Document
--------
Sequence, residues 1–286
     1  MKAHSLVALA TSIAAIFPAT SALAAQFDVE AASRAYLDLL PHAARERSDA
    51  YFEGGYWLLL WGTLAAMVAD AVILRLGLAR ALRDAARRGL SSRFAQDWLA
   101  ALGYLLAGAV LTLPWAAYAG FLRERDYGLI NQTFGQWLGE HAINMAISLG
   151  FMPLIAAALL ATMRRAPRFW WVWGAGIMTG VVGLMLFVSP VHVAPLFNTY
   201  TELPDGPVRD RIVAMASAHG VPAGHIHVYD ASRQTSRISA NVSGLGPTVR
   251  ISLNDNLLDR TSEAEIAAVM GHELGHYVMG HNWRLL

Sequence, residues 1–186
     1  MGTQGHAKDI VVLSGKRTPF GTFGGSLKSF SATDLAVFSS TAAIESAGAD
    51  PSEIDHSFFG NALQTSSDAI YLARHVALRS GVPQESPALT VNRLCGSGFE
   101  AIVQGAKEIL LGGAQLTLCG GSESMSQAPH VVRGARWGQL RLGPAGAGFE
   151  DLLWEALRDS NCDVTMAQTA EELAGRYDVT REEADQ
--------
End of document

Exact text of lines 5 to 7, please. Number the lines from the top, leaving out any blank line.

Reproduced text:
   151  FMPLIAAALL ATMRRAPRFW WVWGAGIMTG VVGLMLFVSP VHVAPLFNTY
   201  TELPDGPVRD RIVAMASAHG VPAGHIHVYD ASRQTSRISA NVSGLGPTVR
   251  ISLNDNLLDR TSEAEIAAVM GHELGHYVMG HNWRLL